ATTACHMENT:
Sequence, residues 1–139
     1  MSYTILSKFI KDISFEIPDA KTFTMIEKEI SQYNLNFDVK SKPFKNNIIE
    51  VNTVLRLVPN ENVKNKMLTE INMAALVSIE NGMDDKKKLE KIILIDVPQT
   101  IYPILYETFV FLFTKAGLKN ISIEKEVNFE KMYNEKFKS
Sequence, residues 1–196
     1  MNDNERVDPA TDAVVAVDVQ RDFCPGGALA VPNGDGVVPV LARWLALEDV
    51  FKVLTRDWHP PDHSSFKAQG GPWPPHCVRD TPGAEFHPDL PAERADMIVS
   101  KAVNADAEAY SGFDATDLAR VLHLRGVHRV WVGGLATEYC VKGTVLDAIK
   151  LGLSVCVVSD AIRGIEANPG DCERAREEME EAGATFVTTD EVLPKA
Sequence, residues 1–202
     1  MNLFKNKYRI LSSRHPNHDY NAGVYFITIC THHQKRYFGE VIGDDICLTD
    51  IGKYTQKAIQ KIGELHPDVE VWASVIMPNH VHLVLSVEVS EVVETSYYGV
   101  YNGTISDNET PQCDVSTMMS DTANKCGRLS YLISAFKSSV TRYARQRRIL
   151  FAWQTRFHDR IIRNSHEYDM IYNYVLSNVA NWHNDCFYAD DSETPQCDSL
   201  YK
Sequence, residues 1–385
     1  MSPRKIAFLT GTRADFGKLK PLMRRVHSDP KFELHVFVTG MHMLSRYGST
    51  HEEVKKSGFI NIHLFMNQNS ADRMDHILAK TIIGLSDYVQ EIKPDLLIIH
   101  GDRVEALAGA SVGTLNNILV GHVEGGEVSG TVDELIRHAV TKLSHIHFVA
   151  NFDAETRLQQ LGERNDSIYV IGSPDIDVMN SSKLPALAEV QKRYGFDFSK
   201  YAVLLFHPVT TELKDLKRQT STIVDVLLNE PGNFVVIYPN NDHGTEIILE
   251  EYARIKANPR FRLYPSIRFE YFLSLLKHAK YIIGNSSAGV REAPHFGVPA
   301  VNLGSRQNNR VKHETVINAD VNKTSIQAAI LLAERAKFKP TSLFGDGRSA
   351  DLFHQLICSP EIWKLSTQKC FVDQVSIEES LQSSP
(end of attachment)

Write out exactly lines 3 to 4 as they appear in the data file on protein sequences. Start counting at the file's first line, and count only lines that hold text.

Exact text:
    51  VNTVLRLVPN ENVKNKMLTE INMAALVSIE NGMDDKKKLE KIILIDVPQT
   101  IYPILYETFV FLFTKAGLKN ISIEKEVNFE KMYNEKFKS